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Winning Without Killing in the South China Sea

  • Niels Woudstra
Chapter
Part of the NL ARMS book series (NLARMS)

Abstract

This chapter concerns itself with the way in which China uses mainly non-kinetic means to broaden its power and influence in the South China Sea. The old writings of Sun Tzu and the modern writings of Liang and Xiangsui, together with the analysis of the tensions in the South China Sea, demonstrate that the strategies being used by China do not always concur with Western ways of thinking. China did not launch a large-scale offensive against its neighbours to control the South China Sea with its natural resources and sea lines of communication. Over the last decades it has been patiently broadening its influence in the area, often by using civilian or paramilitary means. It now occupies most of the Spratlys, Paracels and Scarborough Shoal. Because of its economic and diplomatic dominance China is persuasive behind the scenes in bilateral negotiations with neighbouring countries. The military, symmetric, deterrent response of the West, by sailing through these waters with warships, may be effective, but may not be sufficient to secure the status of international waters and freedom of navigation in the long term. In dealing with China in the disputes over the South China Sea, Westerners need to acquire knowledge about Chinese strategic thinking in order to come up with the most adequate response.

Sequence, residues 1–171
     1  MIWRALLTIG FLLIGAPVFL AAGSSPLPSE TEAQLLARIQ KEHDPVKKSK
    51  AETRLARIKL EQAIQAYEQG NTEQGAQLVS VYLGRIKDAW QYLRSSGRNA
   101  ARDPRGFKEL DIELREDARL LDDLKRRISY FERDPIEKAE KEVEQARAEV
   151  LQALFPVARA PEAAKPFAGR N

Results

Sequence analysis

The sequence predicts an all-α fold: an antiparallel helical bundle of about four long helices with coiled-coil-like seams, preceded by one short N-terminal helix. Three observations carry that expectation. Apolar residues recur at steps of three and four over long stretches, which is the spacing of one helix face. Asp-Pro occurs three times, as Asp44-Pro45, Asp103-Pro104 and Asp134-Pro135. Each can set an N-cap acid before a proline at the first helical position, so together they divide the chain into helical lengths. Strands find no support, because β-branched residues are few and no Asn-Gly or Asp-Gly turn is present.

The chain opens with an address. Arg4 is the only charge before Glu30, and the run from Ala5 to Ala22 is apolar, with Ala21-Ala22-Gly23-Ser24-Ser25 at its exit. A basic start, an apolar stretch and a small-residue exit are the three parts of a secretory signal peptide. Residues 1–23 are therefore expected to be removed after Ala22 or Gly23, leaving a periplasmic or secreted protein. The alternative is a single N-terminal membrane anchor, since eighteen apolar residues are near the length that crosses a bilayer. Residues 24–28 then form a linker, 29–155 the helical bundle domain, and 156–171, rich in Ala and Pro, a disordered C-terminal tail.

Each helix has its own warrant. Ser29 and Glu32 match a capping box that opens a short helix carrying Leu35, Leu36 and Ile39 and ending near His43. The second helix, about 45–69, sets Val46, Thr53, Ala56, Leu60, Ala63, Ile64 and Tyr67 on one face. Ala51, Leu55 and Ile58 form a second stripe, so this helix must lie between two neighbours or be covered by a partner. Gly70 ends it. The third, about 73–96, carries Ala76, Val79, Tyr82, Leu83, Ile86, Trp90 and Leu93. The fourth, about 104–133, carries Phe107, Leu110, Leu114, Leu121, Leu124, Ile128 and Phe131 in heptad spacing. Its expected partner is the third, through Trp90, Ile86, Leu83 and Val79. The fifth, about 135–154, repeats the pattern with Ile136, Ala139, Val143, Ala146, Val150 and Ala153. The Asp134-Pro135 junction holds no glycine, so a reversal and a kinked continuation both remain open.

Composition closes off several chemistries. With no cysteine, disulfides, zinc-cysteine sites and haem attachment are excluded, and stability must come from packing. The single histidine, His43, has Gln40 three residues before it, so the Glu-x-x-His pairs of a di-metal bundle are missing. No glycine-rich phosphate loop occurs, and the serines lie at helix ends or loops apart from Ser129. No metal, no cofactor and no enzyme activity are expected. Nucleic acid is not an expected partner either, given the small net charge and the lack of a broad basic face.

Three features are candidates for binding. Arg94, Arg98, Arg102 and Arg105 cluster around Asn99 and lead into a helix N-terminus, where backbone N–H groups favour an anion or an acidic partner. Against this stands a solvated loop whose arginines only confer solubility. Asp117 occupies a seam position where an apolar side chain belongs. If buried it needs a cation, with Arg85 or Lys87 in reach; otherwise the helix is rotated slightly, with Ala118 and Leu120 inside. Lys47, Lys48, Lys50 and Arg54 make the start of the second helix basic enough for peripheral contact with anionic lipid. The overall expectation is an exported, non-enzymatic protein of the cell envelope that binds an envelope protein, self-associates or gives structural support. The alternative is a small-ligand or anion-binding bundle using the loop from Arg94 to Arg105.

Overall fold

Keywords

Maritime Strategy Non-kinetic Effects Sun Tzu Unrestricted warfare 

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Copyright information

© T.M.C. Asser Press and the authors 2017

Authors and Affiliations

  1. 1.Faculty of Military SciencesNetherlands Defence AcademyBredaThe Netherlands

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